Advocates urge state lawmakers to do much more to help New Jersey families as part of COVID economic recovery
The needs of big business interests have taken center stage, while legislation providing vital relief and protections for communities of color and New Jersey’s most vulnerable has stalled.
Trenton– Advocates for New Jersey’s low and moderate income families, a majority of them black and brown families, gathered today for a Zoom press conference calling on the State Legislature to prioritize the most urgent needs of New Jersey’s families as part of the state’s COVID-19 economic recovery. Lawmakers have put big business interests first as they plan reopening the state. Meanwhile, legislation providing vital protections and relief for New Jersey’s communities of color and New Jersey’s most vulnerable have stalled, despite the fact that these communities have been hardest hit by both the health and economic crises brought on by COVID-19.
“The pandemic has laid bare longstanding racial and socioeconomic inequalities that need to be directly addressed if New Jersey is to make a full economic recovery,” said Dena Mottola Jaborska, Associate Director of New Jersey Citizen Action. “While big business interests have taken center stage, too many New Jerseyans have fallen behind on mortgages, rent, car and credit card payments. They’ve suffered negative credit reports and had cars repossessed while struggling to not only survive the pandemic but to keep up with the costs of necessities such as food, medicine and utilities. We urgently need our State Legislature to provide relief and invest in these neglected communities, or New Jersey’s economic crisis will only worsen.”
“We will find no shortage of political will to invest in business recovery,” said Reverend Charles Boyer, Director, Salvation and Social Justice. “I hope there is even more political compassion and moral conviction to provide relief for Black and Latino families dealing with the dual pandemic of racism and Covid-19. If this moment has taught us anything it should be that healthcare is a human right and should not be a privilege. Therefore the legislature should prioritize and pass the Cover all Kids legislation and pick up the Health Insurance Assessment. This would close the coverage gap for our most under resourced children and ensure all of our kids have access to health care at this critical time.”
Approximately 40% of families in New Jersey struggle to make ends meet, the vast majority of them black and brown. The state also suffers from one of the nation’s worst wealth gaps. But COVID-19 related legislation concerning New Jersey’s most vulnerable have been stalled by corporate lobbying interests and the unwillingness of the Legislature to back new sources of funding and revenue.
The advocates urged the State Legislature to immediately advance legislation on the following priorities:
- Health care—Some 600,000 New Jesereyans were uninsured before the COVID-19 pandemic. This includes 80,000 children, most of them children of color, and many more families lost coverage when they lost employment over the past few months. S876 “Cover All Kids”, which has no Assembly counterpart, would expand coverage to all New Jersey children. New Jersey also urgently needs legislation to pick up the Health Insurance Assessment (HIA) before June 30th, which would fund S876 and low or no-cost coverage for uninsured adults on the new state-based health insurance exchange. Missing the June 30th deadline could deprive New Jersey of approximately $430 million in healthcare funding in 2021.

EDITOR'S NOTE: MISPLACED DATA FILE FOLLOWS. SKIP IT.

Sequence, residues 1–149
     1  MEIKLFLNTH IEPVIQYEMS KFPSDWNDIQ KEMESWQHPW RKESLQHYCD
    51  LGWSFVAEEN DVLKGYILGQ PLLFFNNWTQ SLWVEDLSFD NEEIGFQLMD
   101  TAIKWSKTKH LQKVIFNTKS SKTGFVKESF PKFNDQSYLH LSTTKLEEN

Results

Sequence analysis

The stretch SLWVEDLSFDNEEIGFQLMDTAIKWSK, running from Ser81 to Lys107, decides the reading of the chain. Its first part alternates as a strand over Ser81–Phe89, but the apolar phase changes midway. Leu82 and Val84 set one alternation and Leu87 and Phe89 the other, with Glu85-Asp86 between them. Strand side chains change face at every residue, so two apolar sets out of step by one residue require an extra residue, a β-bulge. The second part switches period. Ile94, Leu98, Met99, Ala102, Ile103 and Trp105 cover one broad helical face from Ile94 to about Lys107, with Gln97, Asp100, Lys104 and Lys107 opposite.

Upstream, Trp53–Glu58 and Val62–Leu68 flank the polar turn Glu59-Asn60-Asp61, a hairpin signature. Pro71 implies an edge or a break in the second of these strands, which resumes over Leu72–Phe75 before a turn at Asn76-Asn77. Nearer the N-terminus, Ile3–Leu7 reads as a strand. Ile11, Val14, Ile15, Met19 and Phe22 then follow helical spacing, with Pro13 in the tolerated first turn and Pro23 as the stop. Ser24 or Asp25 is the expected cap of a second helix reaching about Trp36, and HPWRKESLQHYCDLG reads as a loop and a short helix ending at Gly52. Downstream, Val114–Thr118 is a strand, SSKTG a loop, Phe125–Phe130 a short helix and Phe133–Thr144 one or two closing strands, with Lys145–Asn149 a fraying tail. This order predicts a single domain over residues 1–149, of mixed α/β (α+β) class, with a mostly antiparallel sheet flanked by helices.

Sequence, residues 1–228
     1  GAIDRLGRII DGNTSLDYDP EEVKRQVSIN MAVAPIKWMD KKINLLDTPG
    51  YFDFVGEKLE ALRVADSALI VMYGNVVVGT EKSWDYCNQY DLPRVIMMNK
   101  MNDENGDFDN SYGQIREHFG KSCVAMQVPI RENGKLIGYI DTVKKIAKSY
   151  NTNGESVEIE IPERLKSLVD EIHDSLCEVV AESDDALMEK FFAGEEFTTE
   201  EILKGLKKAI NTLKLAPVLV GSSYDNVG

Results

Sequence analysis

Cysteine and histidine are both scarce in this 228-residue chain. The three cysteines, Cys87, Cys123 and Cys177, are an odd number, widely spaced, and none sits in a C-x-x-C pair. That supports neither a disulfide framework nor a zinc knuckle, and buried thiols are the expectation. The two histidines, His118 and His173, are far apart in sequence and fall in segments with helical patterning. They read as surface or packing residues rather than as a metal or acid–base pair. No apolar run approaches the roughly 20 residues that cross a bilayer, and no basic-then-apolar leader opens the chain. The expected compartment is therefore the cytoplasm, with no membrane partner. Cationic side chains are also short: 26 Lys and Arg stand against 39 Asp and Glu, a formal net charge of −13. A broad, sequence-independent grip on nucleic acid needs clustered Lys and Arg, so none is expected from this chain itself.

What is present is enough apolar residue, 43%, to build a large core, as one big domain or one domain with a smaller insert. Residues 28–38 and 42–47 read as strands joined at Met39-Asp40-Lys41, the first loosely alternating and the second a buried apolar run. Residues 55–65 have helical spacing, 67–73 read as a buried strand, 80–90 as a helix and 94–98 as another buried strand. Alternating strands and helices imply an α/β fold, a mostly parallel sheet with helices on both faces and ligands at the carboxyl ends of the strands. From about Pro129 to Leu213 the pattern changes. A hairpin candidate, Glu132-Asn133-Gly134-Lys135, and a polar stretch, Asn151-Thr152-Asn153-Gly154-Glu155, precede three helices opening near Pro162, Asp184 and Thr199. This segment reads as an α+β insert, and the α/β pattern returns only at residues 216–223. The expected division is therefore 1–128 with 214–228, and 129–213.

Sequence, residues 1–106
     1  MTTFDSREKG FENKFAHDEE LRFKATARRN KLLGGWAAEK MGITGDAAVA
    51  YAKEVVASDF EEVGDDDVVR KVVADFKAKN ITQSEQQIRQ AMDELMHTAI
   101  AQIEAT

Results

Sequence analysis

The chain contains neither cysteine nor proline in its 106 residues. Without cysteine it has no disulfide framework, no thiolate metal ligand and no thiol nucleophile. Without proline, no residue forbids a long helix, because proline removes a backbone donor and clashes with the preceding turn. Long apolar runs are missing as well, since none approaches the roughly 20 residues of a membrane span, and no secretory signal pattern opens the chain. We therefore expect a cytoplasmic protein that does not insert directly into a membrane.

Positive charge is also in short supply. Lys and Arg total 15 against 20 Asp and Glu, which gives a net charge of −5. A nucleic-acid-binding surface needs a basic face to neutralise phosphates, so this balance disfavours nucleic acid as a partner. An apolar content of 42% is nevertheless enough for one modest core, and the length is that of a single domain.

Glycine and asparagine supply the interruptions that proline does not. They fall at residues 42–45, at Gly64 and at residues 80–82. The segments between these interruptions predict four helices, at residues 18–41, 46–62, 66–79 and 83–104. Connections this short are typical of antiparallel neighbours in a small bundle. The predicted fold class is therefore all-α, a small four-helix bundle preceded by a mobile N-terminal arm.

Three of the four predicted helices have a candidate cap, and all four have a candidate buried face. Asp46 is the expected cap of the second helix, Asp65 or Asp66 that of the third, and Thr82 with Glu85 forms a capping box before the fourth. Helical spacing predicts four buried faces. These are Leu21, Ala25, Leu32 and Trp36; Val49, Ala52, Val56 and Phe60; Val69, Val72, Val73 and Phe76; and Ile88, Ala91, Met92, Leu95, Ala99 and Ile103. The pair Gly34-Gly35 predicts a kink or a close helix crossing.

- Emergency Paid Sick Days and additional Worker Protections– As the economy continues to re-open, even more New Jersey workers will need protections from COVID-19 and from employers who subject them to unsafe working conditions. A key part of New Jersey’s road to economic recovery is ensuring workers don’t have to forgo a paycheck when they are ill or need to quarantine, and ensuring their right to refuse work in dangerous conditions during this health crisis. S2453/A4209 would provide workers with additional public health emergency paid sick days to care for themselves and their loved ones during a public health emergency, including quarantine and self-isolation. A4268 would permit certain employees to refuse to work due to unsafe working conditions during a state of emergency or public health emergency. A4153/S2454 would clarify “good cause” for workers to continue to receive unemployment when they stop working because of conditions that violate health and safety standards, the bill also requires that employers who laid off workers during the state of emergency give those workers the “right of first refusal” to return to their previous position for any subsequent reopening. Without these protections, lower income individuals, women, immigrants and people of color who disproportionately make up our frontline and essential workers will struggle to recover economically from the pandemic. Lack of worker protections could also lead to portions of the economy being shut down again in the event of a COVID resurgence.
- Immigrant Disaster Relief Fund—Some 500,000 immigrants have been cut out of pandemic relief efforts, which has placed an enormous financial strain on both their families and the communities who count on their well-being. Families of mixed status have also been denied stimulus payments even if a family member is a citizen but is married to an immigrant without status. S2480/A4171 would create a publicly funded disaster relief fund to replace lost income for immigrants and their families.